Get real
Philippine Daily Inquirer, 22 November 2014

 

“After 18 years, 9 found guilty in Ozone inferno.” That was the headline on the front page of this newspaper yesterday, exposing the shamefully slow dispensation of justice in the Philippines, in our antigraft court, the Sandiganbayan (SB). In the same issue, another headline, this time on page 4, “Dr. Binay buys time in cases against her” (a double entendre?), helps shed some light on why the wheels of justice grind so slowly.

With regard to the first headline, it turns out, reading the story, that it is not quite accurate. It isn’t 18 years, but 18 years and eight months, which may be rounded off to 19 years. Anyway, all my current students at the University of the Philippines were either unborn or babes in arms at the time of the Ozone Disco Club incident. But I still remember the horror I felt when I heard the news: 162 burned to death, another 93 injured, the majority of them young.

As I recall, they were bunched up against the exit door of the club, because it opened inward rather than outward, and the press of panicked people trying to escape prevented the door from being opened. The other exit door was blocked by furniture. Senseless. Avoidable. The news reports at the time pointed out several other features of the club which were in direct violation of fire regulations and the national building code. And yet permits were given freely and rapidly by the concerned officials.

So the question is: Why did it take the SB 18 years and eight months to come to the same conclusion as the media did? I understand there is the right to due process, etc., etc., but this is obviously ridiculous. The building and fire code provisions are written down. A physical examination of the premises would have been sufficient to show where the violations occurred; an examination of the building and other permits issued, and the applications for them, would not have taken too long.

Indeed, the SB decision talks about the “overwhelming” audacity of the owners, the officials’ “overlook[ing] obvious violations of the National Building Code.” It took the justices 18 years and eight months to come to this conclusion? When everything was so obvious and overwhelming? How long will it take for other cases that may be more nuanced?

The Elenita Binay headline and story on page 4 of this newspaper gives us a hint about why cases take so long: She was supposed to have been arraigned on Thursday, Nov. 20, in regard to one of the four cases regarding the Ospital ng Makati equipment expenses (I think this case has been going on since 2007 or 2008). Heidi Mendoza was state auditor and she determined that the expenditures in all four cases were grossly overstated. Mrs. Binay was mayor at the time.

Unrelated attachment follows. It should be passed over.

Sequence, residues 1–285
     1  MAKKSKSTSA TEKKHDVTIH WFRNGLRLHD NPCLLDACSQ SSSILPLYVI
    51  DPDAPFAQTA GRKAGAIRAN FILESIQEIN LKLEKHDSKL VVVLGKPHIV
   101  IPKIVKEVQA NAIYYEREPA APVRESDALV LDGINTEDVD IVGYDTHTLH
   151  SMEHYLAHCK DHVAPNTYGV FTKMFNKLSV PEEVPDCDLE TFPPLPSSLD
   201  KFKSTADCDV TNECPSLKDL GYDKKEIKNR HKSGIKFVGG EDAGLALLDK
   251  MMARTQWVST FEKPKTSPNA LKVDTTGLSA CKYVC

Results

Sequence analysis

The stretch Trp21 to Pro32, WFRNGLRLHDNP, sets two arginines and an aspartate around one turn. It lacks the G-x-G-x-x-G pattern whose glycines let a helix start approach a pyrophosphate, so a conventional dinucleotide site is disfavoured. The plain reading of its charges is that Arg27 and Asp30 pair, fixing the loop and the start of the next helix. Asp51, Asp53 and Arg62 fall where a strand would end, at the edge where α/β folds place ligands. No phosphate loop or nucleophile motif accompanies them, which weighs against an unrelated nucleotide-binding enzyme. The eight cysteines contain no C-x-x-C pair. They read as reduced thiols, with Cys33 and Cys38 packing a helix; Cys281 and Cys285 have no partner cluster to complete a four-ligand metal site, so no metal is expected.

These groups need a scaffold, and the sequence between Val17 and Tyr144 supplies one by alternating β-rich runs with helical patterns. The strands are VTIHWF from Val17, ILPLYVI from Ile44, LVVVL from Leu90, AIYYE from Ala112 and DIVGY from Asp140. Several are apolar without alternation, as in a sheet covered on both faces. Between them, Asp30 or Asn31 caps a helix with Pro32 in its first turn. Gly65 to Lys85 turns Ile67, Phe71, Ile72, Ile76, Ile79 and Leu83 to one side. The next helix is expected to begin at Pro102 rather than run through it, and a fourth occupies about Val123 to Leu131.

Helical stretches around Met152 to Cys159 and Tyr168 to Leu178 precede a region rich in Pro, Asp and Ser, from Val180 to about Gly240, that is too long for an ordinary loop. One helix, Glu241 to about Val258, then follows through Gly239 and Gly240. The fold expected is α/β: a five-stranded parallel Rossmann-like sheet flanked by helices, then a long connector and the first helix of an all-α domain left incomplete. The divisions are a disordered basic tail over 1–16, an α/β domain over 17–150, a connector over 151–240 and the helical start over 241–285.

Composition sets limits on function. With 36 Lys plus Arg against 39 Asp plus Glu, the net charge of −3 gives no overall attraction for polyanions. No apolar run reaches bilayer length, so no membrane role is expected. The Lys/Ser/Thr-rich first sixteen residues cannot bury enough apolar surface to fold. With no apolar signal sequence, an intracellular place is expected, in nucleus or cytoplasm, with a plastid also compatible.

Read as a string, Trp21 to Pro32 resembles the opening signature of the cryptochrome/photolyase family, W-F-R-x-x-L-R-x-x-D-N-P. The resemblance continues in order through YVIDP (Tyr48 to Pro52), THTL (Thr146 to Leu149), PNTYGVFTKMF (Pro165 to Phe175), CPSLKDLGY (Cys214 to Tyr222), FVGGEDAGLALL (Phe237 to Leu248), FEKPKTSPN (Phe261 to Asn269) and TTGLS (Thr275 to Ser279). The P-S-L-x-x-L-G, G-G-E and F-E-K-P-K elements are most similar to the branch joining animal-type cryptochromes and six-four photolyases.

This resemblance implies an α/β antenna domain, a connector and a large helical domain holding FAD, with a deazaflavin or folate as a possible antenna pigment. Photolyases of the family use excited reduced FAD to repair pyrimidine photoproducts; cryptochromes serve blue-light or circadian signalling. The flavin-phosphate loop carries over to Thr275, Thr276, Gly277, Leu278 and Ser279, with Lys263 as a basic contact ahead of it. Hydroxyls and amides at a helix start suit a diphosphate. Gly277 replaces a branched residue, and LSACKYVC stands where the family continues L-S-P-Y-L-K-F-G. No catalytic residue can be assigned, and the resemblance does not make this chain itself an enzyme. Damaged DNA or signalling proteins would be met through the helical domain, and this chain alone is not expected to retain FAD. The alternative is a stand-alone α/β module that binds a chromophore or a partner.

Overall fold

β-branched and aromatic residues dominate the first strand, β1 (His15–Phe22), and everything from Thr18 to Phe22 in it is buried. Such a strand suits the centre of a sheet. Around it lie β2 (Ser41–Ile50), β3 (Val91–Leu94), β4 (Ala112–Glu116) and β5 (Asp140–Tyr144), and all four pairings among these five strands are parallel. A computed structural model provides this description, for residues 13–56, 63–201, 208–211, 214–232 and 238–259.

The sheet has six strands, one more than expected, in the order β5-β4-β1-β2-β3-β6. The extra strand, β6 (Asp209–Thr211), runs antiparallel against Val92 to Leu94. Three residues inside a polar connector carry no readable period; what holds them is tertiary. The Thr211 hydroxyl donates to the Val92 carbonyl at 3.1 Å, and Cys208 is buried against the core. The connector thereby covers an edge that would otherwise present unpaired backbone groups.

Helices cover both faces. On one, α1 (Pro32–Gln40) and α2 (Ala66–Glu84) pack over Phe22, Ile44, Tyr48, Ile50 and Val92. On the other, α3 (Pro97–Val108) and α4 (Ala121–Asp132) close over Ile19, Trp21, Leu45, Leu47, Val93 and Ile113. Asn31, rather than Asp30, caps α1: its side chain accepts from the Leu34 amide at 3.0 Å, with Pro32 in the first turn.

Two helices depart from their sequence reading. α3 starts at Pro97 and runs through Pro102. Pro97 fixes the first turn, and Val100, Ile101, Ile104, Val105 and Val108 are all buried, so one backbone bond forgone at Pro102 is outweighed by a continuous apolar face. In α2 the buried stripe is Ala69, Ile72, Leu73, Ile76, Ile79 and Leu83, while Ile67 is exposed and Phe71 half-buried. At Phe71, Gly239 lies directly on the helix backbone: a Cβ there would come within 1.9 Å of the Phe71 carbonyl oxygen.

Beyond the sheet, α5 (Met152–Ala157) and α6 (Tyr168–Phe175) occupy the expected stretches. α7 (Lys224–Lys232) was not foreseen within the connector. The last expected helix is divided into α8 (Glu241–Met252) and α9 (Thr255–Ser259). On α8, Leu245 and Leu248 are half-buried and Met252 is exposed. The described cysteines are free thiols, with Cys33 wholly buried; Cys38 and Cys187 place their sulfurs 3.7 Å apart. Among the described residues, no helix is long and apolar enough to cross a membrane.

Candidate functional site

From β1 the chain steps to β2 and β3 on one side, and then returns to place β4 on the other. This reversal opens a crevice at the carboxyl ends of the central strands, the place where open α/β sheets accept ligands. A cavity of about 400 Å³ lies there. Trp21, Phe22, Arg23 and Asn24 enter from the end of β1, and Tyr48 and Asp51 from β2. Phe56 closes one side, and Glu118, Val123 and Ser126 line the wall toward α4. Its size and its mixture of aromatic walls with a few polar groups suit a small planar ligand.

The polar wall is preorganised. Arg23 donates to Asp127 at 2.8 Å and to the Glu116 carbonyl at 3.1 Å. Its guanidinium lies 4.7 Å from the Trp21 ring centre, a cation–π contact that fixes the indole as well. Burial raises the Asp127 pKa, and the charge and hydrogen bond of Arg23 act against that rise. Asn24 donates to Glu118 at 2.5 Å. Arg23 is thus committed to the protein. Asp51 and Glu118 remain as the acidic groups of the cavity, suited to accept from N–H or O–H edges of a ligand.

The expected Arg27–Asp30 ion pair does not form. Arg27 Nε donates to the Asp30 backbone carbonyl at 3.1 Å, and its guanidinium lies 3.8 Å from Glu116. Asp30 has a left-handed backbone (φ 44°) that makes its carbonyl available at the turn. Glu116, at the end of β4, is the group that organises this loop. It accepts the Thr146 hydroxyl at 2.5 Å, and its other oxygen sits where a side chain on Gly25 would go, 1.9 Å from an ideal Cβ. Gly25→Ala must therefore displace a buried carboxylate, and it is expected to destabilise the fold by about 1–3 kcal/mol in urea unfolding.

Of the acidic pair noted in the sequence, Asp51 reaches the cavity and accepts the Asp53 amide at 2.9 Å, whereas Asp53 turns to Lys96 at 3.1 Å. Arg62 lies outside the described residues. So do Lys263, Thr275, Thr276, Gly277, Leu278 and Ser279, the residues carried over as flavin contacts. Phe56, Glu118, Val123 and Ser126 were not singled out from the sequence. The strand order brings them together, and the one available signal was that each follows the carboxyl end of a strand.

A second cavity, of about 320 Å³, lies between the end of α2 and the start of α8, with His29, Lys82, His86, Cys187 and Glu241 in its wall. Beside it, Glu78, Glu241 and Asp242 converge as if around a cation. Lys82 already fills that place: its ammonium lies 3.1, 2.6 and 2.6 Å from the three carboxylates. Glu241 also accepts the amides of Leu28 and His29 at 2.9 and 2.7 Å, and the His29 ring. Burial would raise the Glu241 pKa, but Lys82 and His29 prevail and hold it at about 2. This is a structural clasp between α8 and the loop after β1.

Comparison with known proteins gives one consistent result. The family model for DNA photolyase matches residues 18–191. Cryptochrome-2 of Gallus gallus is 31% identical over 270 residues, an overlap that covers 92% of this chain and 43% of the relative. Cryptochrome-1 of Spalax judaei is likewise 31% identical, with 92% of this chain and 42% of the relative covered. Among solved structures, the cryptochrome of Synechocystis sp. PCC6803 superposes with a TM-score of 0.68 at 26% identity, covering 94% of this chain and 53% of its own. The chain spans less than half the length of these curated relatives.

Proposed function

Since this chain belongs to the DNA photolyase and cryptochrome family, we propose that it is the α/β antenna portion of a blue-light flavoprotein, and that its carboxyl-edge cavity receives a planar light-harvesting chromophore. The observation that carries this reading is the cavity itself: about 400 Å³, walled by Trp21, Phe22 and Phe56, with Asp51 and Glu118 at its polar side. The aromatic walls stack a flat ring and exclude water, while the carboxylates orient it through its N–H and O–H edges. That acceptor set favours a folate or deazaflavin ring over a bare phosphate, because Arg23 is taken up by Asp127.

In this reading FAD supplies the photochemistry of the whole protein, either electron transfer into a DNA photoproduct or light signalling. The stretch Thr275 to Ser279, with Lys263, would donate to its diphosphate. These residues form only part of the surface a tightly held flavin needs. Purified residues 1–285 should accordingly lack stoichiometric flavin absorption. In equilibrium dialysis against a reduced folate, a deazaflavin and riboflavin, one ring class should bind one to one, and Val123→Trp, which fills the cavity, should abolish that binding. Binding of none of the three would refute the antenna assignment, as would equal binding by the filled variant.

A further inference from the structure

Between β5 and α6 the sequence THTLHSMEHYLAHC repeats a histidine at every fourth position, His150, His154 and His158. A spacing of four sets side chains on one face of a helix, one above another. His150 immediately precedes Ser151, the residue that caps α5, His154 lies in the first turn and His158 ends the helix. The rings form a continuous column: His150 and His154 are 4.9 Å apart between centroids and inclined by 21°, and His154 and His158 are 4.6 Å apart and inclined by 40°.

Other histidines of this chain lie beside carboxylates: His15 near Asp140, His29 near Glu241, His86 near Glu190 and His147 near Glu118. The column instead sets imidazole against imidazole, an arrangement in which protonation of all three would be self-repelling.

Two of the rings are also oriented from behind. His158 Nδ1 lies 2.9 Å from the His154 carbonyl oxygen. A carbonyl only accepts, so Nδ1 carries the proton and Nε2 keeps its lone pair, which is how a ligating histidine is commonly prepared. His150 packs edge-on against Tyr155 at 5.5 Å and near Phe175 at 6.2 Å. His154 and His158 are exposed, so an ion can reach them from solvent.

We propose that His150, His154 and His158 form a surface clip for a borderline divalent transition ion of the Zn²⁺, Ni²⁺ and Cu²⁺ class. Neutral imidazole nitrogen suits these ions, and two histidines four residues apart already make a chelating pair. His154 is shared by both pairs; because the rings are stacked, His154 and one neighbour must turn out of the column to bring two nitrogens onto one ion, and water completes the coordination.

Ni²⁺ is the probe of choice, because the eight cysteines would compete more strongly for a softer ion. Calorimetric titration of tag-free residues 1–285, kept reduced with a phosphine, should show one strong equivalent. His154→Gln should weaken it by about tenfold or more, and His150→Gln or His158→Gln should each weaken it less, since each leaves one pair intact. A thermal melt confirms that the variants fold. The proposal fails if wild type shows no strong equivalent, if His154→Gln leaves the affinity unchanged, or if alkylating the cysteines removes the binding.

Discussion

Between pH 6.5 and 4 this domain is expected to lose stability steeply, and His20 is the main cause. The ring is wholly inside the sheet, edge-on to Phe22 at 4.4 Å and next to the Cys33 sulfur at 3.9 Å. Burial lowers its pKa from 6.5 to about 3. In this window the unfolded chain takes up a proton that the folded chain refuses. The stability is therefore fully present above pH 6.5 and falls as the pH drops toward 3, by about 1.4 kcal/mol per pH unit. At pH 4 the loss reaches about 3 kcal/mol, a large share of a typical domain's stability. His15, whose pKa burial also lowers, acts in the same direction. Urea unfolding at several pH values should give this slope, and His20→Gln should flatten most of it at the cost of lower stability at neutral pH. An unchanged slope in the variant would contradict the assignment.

So what does it mean, “arraigned”? I looked it up. To arraign means to call or bring someone before a court to answer a criminal charge. That’s when he/she pleads guilty or not guilty, or does not enter a plea at all, at which point the court enters a plea of not guilty. So it is a very simple process, right? What happened in this case, though, is that Mrs. Binay’s lawyer said they received the notice only on Nov. 14 (meaning, six days before the hearing), and he asked the SB to cancel the arraignment because he planned to file a motion for reconsideration.

And the SB, after reportedly discussing the issue for 40 minutes (this is important, because a case hearing generally takes an hour or so, because there are other cases to be heard), resets the arraignment to Jan. 29, or two months and nine days later. Dilatory tactics on the part of the lawyer? Or excessive gentleness on the part of the court? Or a combination of both? I don’t know. But that’s how cases get delayed. Or at least, one of the reasons.

I wrote about the need to increase the number of SB justices in this column six months ago, citing data that tended to show that the average time for case resolution has increased from 6.6 years to 8 years, although other estimates cite up to 12 years. As of March 2014, the justices had 3,031 unresolved cases.

The SB started with nine justices in 1978 (population: 39 million), going up to 15 justices in 1995 (population: 67 million). In 2005, there was a move (unsuccessful so far) in the Senate to bring the number of justices up to 45. This move was endorsed by the Ombudsman at the time, Sonny Marcelo (one of the best we’ve had). I said I would harp on the subject until it gets done. It didnít get any attention then, but I hope that this time, because of the Ozone case, it will. One would expect, under an administration where the war against corruption is given top priority, any move to speed up the punishment of the corrupt will have first preference. Unfortunately, that is not the case.

On the other hand, even with 15 justices now, the pace of decision-making should be faster. I went to the SB website to see what I could see. And what I saw was horrible.

In 2014, for the first eight months, the SB reports only 12 decisions and 14 resolutions. I looked at 2013, and for the whole year, 16 decisions and seven resolutions were promulgated, which means about one decision and 0.5 resolution per justice.

The year 2012 was not much better, with 19 decisions and three resolutions; 2011 and 2010 were significantly better, with 48 and 46 decisions, respectively. But even then, that means roughly three decisions on the average were rendered per justice for those years.

It seems we not only have to increase the quantity, but also the quality, of the justices.